Perhaps you read Fahrenheit 451 in high school, or perhaps you didn't because it was on a banned books list. Maybe you came across it as an adult, or maybe you were a sci-fi fan who'd read all of Bradbury's prolific body of work. Ray Bradbury, who died in 2012, continues to be relevant – increasingly so, as technology develops rapidly in many directions Bradbury had only imagined in the 1960s.
The Fahrenheit 451 author's background is in some ways unusual – he grew up in Hollywood at a time when it was possible to wait for stars outside movie studios – and in some ways typical of many who grew up in poor families. There was no money for college, so Bradbury got his education at the library. He married the first woman he dated, and over the years he penned more than 27 novels and over 600 short stories. The movie lover even worked in film and television.
Anyone who has read dystopian fiction, be it 1984 or Brave New World or The Handmaid's Tale, likely doesn't have a hard time drawing parallels to today's world. But our reality was eerily predicted by Bradbury in Fahrenheit 451. For example, the book describes "seashells" and "thimble radios" that many have compared to earbuds.
The people who live in the Fahrenheit 451 world also have huge televisions that take up walls, and the citizens are able to connect with friends via digital means that resemble Facebook. He also wrote about machines that functioned like ATMs, artificial intelligence, and self-driving cars.
Read any account of Bradbury and you'll likely be struck by his self-deprecating humor. In a 2010 interview with the Paris Review, he was asked about the night in 2000 he received the Medal for Distinguished Contribution to American Letters. Instead of speaking on the importance of the award, Bradbury instead launched into a story about trying to find a restroom.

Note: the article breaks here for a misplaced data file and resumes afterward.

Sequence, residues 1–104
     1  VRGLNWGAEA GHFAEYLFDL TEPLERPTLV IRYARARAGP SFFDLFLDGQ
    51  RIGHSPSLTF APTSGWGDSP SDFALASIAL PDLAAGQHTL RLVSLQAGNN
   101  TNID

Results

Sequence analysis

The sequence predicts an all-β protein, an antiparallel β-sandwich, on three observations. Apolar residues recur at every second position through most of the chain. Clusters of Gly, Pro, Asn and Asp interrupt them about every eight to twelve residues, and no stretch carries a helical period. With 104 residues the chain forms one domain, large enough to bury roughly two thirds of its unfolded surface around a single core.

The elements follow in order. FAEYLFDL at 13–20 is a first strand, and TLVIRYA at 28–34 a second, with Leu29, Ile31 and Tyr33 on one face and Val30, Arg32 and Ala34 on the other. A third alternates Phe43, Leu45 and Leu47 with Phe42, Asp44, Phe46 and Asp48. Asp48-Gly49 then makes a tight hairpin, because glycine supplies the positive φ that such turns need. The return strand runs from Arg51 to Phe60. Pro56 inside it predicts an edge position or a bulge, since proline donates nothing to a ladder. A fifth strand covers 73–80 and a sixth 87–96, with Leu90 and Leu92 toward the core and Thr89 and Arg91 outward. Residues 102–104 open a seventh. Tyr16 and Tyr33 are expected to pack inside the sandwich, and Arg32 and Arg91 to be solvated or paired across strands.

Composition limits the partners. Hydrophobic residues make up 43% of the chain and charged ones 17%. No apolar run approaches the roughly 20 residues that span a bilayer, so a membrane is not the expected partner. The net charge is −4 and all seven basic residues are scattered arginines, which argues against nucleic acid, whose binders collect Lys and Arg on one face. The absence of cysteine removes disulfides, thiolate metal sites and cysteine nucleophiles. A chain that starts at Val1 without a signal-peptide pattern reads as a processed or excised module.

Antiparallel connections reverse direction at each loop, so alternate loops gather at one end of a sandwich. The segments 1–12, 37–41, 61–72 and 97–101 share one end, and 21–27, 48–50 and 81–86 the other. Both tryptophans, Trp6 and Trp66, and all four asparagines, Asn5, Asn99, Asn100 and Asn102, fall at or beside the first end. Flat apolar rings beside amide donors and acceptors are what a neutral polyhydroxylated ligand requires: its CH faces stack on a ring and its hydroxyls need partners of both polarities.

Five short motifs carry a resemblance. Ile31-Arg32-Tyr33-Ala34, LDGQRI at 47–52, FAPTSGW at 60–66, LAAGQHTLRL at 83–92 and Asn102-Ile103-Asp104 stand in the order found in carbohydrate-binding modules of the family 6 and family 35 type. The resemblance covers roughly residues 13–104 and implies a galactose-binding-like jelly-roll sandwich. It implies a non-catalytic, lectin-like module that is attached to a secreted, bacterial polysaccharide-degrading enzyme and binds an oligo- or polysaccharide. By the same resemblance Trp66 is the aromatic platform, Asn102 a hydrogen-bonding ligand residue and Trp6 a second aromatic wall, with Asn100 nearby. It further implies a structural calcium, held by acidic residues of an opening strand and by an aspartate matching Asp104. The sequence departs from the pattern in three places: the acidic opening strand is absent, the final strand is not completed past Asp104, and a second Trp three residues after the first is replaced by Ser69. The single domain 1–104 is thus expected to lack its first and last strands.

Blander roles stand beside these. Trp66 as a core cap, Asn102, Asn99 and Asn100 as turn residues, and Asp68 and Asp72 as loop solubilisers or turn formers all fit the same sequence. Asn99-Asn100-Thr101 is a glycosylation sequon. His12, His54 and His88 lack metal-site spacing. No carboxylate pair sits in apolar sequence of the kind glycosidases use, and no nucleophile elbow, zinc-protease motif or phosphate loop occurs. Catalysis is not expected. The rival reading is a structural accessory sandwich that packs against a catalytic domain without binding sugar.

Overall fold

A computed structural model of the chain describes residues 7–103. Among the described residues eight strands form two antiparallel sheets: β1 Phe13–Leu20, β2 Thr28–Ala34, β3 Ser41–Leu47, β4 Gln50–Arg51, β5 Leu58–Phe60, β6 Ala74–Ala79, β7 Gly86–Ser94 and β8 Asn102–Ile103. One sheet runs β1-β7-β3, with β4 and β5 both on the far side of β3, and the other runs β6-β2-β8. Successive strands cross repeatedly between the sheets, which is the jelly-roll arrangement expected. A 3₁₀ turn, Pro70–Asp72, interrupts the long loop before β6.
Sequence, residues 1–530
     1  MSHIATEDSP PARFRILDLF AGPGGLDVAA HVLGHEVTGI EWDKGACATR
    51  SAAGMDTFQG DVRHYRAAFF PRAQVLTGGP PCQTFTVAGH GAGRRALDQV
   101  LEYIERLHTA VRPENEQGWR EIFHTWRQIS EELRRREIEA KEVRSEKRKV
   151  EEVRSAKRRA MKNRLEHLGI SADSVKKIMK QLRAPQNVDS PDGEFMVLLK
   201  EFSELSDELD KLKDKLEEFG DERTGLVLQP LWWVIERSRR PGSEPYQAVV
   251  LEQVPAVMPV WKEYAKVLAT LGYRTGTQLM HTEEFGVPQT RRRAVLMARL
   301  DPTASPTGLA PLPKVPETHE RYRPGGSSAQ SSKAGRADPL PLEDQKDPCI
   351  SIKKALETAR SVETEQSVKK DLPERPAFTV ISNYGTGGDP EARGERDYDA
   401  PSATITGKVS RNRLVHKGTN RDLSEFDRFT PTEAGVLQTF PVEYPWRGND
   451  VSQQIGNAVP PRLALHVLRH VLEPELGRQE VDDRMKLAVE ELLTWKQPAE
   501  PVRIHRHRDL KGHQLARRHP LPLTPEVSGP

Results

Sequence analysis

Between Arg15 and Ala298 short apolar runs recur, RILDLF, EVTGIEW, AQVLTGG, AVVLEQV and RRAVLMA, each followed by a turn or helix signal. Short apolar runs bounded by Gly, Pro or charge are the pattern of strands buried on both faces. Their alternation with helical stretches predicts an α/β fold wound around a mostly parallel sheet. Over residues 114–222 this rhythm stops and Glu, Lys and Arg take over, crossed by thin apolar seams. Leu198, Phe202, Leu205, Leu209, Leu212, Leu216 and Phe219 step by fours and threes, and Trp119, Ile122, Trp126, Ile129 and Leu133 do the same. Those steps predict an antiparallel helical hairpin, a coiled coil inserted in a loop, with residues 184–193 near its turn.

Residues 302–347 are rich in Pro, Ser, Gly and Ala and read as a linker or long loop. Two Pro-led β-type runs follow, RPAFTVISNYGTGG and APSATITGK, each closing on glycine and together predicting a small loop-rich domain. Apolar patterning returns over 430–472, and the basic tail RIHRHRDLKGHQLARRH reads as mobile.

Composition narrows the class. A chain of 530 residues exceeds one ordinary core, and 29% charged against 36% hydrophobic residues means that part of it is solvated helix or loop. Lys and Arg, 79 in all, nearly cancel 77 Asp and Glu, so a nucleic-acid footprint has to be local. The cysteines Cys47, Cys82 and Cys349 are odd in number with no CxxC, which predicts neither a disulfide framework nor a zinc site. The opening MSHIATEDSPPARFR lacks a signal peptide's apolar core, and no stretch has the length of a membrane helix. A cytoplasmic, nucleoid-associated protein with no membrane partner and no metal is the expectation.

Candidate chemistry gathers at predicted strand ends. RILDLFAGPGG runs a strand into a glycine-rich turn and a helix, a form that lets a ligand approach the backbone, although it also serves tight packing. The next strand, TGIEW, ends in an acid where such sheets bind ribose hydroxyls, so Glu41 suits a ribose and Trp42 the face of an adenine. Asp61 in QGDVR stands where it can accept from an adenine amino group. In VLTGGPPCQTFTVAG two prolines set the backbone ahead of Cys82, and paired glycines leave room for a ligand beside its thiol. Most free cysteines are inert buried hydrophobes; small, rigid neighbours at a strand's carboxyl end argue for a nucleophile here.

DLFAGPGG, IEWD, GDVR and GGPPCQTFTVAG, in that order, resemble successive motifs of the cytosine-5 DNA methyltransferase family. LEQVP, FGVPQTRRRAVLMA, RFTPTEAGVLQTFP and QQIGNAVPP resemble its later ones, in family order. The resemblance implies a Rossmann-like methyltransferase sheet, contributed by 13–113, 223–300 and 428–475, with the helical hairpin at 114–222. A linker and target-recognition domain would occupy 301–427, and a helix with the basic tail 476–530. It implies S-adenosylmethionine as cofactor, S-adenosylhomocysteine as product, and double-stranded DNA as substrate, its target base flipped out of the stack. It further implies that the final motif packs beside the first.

He'd had a stroke in 1999 and walked slowly, and the hotel was large with no available restroom. Bradbury described what happened next:
Some women were taking me back to my room and I said, "For God's sake, where's the men's room?" We couldn't find one. One of the girls said, "There's a potted palm over there, why don't you go use it?" So I went over. Nobody saw me. At least I don't think so.
Bradbury had a long history with Playboy. The magazine published Fahrenheit 451 when other outlets were uninterested, but that wasn't where his love ended.. Though he lauded Playboy's interviews and selected literary works it had published, Bradbury didn't hide his affection for other parts of the magazine:
I wish I'd had Playboy when I was 14... Those pictures were great. There was nothing when my generation was growing up. Like it or not, I rest my case, except to add that Hugh Hefner is one of the great sexual revolutionaries.
Bradbury had no fear speaking his mind and telling what he saw as the truth. He was a supporter of Bob Packwood, arguably the Harvey Weinstein of Congress in the early 1990s.
Bradbury was a huge proponent of NASA and the space program, as was Packwood. Bradbury called him a "visionary," and maintained that status even after Packwood's resignation. He elaborated to Playboy:
I wish he were still in Congress. I sent him a telegram a year ago and told him to stand firm because those women are jerks. They wait 20 years. They are offended 20 years later. Don't hand me that. There are very few other senators like him, and it's a shame he's gone.